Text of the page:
Shelter: THE SQUATTERS and THE COTTAGES
1950s – 2000
In 1945, on the day World War II ended, Hong Kong had roughly 600,000 people, well below pre-war levels. By 1950, it had 2,200,000; by 1960, 3,000,000. The dramatic growth created staggering housing shortages; squatter settlements sprang up in many places. Near Mount Davis, after the removal of many squatters in the early 1950s, government officials worked with the private sector to build some 295 cottages.
Most refugees were poor and housed themselves however they could. Their more established neighbours often objected. Officials worried about sanitation and contagious diseases, fire risks, social effects of crowding, and potential threats to law and order. Although the squatters at Mount Davis were mostly removed in the early 1950s, squatting occurred at later dates, and even into the 1980s.
Meanwhile, the government divided land without permanent, authorized buildings into three types of housing zones: (1) “permitted” areas, where the government could ensure that a certain number of homes meeting minimum standards were built, to be bought or leased by people meeting employment and other standards; (2) “allowed” areas, where people could build their own housing as long as it met certain physical standards (lower quality than permitted housing, but better than most squatters’ shacks); and (3) areas where new housing was forbidden. Mount Davis had land in each category, but it was marked for less development than many other areas.
Mount Davis’ largest “permitted” area – slightly northeast of here, near the former Tung Wah Smallpox Hospital – became the site of the Mount Davis Resettlement Cottage Area called Kung Man Tseun, also known as Citizens’ Village. Most construction was completed by late 1952, and families had begun moving in earlier in that year. By 1954, roughly 250 cottages had 1,539 official residents; by the 1970s, the cottages probably housed over 2,000. Most early residents of Citizens’ Village were refugees; some had already lost makeshift homes in the huge Shek Kip Mei fire (December 1953). Their cottages at Mount Davis were fairly basic. They were less than 400 square feet; none had running water or indoor toilets until after 1990. Still, they were much less crowded and more comfortable than the public resettlement blocks, which housed almost one-third of Hong Kong residents by the mid-1960s (and where some families of five had only 120 square feet). Many cottagers made improvements. A neighbourhood welfare association, founded in 1955, provided various services: aid to the elderly and poor, student scholarships, classes for adults, some Chinese and Western-style medical services, and a low-cost pre-school. Former residents recall a safe, closely-knit neighbourhood.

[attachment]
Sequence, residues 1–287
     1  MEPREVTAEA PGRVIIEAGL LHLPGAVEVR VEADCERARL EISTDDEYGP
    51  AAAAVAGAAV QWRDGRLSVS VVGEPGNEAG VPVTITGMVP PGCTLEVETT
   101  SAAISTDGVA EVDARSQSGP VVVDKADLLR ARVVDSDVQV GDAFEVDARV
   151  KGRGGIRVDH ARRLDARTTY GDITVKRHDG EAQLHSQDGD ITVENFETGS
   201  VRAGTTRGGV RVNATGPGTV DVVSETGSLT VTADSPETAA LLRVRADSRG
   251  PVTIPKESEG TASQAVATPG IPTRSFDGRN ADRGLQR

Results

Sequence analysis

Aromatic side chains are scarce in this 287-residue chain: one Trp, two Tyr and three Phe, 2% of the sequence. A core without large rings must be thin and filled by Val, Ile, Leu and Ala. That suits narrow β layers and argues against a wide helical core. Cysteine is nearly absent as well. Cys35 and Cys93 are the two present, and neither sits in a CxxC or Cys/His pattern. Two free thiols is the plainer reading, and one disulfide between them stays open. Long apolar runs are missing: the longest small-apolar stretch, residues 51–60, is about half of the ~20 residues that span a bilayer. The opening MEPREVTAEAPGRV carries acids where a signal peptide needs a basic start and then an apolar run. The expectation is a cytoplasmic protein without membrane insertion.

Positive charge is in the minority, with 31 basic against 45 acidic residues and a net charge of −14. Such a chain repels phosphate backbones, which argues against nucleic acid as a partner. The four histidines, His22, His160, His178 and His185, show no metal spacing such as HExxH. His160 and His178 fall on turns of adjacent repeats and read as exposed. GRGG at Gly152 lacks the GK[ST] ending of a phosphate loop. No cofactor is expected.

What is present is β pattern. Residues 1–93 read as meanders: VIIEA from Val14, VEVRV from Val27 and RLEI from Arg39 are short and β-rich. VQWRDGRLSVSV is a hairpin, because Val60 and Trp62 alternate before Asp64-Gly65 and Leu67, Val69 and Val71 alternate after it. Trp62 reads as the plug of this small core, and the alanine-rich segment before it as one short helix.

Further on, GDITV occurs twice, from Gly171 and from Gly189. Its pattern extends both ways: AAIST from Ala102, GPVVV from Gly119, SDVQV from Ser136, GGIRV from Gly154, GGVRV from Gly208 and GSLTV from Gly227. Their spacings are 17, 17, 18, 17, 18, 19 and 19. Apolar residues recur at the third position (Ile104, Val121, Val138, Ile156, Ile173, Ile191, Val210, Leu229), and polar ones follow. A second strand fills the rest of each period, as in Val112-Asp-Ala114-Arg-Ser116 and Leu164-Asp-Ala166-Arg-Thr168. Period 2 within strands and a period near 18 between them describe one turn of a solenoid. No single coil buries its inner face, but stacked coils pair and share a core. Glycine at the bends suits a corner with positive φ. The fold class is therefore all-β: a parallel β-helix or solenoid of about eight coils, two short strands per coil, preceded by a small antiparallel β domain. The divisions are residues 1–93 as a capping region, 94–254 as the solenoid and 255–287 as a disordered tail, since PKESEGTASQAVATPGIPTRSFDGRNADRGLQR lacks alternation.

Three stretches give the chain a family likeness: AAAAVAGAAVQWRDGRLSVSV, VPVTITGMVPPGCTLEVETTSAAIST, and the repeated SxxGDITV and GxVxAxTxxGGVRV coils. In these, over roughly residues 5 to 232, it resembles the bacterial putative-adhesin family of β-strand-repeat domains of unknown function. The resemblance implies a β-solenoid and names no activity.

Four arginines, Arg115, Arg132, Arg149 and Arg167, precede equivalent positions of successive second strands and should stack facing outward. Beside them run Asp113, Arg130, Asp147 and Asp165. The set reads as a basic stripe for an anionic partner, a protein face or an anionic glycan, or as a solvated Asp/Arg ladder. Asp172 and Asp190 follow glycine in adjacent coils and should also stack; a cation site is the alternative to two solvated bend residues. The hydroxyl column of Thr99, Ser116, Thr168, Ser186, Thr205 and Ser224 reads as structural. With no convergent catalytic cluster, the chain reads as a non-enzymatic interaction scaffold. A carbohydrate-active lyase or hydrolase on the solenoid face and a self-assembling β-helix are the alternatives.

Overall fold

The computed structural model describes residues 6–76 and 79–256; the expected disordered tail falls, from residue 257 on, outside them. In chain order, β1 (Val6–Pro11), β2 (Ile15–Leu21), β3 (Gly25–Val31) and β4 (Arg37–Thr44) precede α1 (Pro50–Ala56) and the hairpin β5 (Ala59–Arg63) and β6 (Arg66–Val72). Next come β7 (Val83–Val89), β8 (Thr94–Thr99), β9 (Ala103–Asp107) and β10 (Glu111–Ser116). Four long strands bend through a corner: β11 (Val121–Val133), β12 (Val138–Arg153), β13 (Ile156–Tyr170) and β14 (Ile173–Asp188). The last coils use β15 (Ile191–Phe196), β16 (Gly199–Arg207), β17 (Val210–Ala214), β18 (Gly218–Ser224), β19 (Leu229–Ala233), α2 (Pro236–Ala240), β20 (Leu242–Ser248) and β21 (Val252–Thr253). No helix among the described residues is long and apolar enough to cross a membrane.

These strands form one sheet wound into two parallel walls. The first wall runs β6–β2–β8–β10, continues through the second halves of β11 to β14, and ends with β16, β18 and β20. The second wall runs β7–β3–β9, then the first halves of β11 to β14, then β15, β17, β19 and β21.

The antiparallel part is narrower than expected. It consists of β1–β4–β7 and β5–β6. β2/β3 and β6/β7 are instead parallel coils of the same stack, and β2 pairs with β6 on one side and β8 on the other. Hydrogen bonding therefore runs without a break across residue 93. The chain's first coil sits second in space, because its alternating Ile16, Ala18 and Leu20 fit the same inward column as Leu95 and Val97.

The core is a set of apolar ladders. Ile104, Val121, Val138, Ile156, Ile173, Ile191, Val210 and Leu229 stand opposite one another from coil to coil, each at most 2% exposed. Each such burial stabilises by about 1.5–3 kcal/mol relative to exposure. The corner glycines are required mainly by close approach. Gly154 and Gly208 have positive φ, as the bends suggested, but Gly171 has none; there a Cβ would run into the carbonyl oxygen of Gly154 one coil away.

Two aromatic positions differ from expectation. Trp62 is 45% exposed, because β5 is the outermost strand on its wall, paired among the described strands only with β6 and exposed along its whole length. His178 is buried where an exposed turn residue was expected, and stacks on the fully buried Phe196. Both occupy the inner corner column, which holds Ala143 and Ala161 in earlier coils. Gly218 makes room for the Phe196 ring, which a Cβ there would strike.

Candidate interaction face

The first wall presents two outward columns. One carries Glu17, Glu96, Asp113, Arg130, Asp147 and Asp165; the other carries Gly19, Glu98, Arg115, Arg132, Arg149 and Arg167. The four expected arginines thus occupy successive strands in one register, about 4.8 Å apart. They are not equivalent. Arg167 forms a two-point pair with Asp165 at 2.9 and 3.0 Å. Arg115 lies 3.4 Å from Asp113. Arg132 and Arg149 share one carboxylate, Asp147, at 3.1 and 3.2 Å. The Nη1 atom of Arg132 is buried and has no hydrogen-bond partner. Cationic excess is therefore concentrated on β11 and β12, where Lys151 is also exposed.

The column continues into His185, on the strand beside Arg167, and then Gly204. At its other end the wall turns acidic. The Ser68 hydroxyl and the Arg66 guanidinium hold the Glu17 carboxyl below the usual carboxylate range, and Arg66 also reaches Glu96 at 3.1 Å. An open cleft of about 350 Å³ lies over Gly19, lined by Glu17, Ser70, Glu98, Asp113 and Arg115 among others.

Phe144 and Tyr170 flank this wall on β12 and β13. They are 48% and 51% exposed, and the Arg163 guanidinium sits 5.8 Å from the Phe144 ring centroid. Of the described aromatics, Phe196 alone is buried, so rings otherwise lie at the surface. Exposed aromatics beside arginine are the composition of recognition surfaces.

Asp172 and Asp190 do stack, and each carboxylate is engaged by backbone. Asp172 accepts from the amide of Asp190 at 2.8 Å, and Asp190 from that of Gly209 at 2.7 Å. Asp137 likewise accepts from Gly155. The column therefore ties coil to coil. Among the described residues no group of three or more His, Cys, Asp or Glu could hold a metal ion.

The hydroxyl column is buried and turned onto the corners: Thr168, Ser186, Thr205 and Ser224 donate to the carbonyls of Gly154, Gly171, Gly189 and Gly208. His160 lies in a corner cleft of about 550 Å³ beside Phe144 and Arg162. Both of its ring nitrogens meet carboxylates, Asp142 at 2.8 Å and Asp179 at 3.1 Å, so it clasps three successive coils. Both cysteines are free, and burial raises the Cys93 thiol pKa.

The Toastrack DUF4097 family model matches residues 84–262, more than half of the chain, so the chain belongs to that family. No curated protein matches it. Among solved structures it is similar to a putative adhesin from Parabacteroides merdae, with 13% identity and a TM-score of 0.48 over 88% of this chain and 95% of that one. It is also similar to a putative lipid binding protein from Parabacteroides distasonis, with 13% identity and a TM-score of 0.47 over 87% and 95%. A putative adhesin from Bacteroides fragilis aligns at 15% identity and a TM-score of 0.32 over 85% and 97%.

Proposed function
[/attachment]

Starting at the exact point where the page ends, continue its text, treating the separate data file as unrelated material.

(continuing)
Another settlement, called Hoi Pong Tseun or Seaside Village, developed in the “allowed housing” area a bit further down the hill. The houses were built by the residents themselves, using wood and sheet metal, rather than by contractors using more durable materials, such as cement. The first few houses appeared in 1951, but most came later. Some residents had been displaced by the clearance of squatter settlements elsewhere, some by fires or by other events. Eventually, the village also reached over 2,000 inhabitants. Seaside Village was a poorer community than Citizens’ Village. Some residents fished, some ran small retail stores, while others worked in factories. At first, the settlement had no utilities or postal service; until about 1970, most of the teenagers did not attend middle school. Nonetheless, it became a close-knit community which created various organisations to improve the site and help its residents. The village endured until 1984, when dangerous conditions following Typhoon Ellen (in 1983) led the government to remove all wooden houses from the area.
Over time, many people left Citizens’ Village, too – especially those who became more prosperous – and some cottages were torn down after they were damaged in landslides. In 2000, what remained of the village was condemned, although over 100 families still lived there. Many former residents remain in touch, however, and the village’s Neighbourhood Welfare Association, now in Kennedy Town, continues to operate. High-rise public housing is planned for the site (to open beginning in 2027-28) – a reminder that housing of all kinds is always in demand in Hong Kong.